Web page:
Natural Immune Boosters ~ Goldenseal

Goldenseal pic

Today is the fourth installment in my ten-part natural immune booster series. It started when my curiosity was piqued while reading a list of ten natural immune boosters. I just had to research each one and share my findings with you. I’ve already covered coconut oil, oil of oregano, and manuka honey. Today, I’m sharing with you what I’ve learned about goldenseal, one of the most popular herbs sold in the United States.

Disclaimer: I am NOT a medical practitioner of any kind, and this series of articles on natural immune boosters is not intended to diagnose or attempt to cure any disease. This series is for informational purposes only. If you have a medical condition, please see your medical practitioner for professional advice.

Goldenseal (Hydrastis canadensis) is a perennial herb that is native to southeastern Canada and the eastern United States. Unfortunately, most of the goldenseal sold now is grown on farms because wild sources have become rather scarce. (So, please don’t dig up any you find in the wild!) The part of the plant used for medicinal purposes is the root.

This herb has a long history of traditional medicinal uses. The Native Americans used it to treat a number of ailments and disorders, including skin ailments, digestive problems, diarrhea, liver conditions, and eye irritations. The Native Americans taught the European settlers the uses of goldenseal, and they incorporated goldenseal into Colonial medicinal treatments.

Although there have been very few human clinical trials done with goldenseal, there have been many studies done in the lab; and the results are promising. (See my reference links below for more information.) Science may have a way to go to clinically document the effectiveness of traditional treatments using goldenseal, but herbal medical practitioners seem to be following in the treatment footsteps of our native denizens.

Goldenseal is a bitter, an herb that stimulates the secretion and flow of bile and increases digestive enzymes. This action regulates a healthy liver and spleen. Goldenseal is a strong antibacterial, anti-fungal, anti-inflammatory, and antiseptic.

The roots and rhizomes of goldenseal contain many isoquinoline alkaloids, including hydrastine, berberine, canadine, canadaline, and l-hydrastine. This high content of alkaloids is what gives goldenseal its antibiotic, anti-infective, and immune stimulating qualities.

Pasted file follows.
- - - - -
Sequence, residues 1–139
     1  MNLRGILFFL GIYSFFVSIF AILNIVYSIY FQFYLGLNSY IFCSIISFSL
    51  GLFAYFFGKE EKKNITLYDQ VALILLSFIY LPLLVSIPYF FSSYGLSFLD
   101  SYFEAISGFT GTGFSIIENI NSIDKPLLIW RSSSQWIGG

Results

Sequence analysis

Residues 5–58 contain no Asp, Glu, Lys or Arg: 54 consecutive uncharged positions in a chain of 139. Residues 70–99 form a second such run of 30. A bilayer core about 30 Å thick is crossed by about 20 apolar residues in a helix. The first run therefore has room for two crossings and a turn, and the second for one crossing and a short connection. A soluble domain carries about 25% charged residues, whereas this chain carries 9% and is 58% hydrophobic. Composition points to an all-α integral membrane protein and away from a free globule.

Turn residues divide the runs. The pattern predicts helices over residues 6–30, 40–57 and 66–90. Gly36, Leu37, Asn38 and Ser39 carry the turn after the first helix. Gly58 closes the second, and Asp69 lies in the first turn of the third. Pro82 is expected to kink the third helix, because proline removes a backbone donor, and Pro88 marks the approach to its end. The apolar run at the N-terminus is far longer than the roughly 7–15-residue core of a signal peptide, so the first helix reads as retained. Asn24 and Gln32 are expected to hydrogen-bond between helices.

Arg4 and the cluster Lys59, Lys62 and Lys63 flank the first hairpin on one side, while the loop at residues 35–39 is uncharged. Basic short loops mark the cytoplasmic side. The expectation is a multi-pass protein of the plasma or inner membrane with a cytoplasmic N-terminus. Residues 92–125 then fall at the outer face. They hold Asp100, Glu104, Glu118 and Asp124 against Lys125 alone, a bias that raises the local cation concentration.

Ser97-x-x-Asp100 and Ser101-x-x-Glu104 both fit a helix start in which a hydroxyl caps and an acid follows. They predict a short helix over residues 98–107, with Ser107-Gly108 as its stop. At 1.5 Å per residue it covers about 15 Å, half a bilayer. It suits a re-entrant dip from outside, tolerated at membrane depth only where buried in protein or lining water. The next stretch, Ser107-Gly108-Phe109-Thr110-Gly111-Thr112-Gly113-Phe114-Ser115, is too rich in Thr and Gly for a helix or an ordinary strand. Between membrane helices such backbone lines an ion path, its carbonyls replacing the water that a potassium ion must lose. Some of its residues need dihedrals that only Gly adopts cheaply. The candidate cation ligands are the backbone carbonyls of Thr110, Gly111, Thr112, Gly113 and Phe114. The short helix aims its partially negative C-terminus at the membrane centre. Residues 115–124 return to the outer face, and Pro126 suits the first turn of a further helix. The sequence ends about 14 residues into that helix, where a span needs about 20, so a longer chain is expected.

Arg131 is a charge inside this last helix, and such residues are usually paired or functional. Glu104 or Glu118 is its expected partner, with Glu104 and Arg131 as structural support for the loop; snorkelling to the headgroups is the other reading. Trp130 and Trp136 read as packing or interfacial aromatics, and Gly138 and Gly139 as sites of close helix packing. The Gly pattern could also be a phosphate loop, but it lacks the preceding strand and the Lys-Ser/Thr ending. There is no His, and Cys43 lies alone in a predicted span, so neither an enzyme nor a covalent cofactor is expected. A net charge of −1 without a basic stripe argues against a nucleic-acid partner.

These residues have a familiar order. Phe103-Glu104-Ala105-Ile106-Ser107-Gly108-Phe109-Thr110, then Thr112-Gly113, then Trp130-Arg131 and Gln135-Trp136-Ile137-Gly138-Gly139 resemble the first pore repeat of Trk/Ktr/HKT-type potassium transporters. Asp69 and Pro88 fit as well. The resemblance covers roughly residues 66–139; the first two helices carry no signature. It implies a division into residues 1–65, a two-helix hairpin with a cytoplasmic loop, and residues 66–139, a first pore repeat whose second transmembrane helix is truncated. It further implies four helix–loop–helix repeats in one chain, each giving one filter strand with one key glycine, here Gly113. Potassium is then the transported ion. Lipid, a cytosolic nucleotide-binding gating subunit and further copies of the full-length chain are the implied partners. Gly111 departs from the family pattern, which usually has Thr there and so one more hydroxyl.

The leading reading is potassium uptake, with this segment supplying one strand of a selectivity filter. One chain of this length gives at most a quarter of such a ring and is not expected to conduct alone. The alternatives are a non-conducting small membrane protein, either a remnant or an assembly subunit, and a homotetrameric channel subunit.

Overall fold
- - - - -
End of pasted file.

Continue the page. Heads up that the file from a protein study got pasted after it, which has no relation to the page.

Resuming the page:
The most active alkaloid in goldenseal is berberine. This is the ingredient that most likely gives the herb its effectiveness against bacteria, protozoa, and fungi. It promotes the easier removal of bacteria by inhibiting their ability to stick to tissue surfaces (like Teflon for the immune system 😉 ). Berberine may also activate white blood cells, strengthening the immune system.

Laboratory studies have shown that goldenseal is a strong anti-diarrheal, effective against E. coli (“Montezuma’s Revenge”), shigella dysenteriae (shigellosis), salmonella paratyphi (food poisoning), giardia lamblia (giardiasis), and vibro cholerae (cholera).

Some of the uses of goldenseal are:

  • infections of mucus membranes
  • minor wound healing (used as a wash)
  • fungal skin infections (used as a powder)
  • bladder infections, UTIs
  • colds and flu
  • canker sores (used as a mouth rinse)
  • sinus and chest congestion
  • peptic ulcers (H. pylori infections), gastritis, colitis
  • hemorrhoids (used as an astringent)
  • earaches & conjunctivitis (used as drops)
  • gum infections and sore throats (used as a gargle)
  • diarrhea

Goldenseal is generally considered safe for short term use. However, please first consult a medical professional if you are taking any prescription medications or have any medical conditions. Also, never take more than 1/2 to 1 gram of goldenseal more than 3 times/day. If taken in large quantities, it can overstimulate the nervous system and cause convulsions, miscarriage, and excessive buildup of white blood cells.

WARNING: Goldenseal is not for children or infants, breast-feeding women, pregnant women (the berberine causes uterine contractions and increased levels of bilirubin), or people with high blood pressure. If you have a heart condition, please consult your doctor before taking goldenseal.

When taken properly and under the care of a medical practitioner, goldenseal is another great natural immune booster.





For further information on goldenseal, please visit these sites which I read in preparation for this post:









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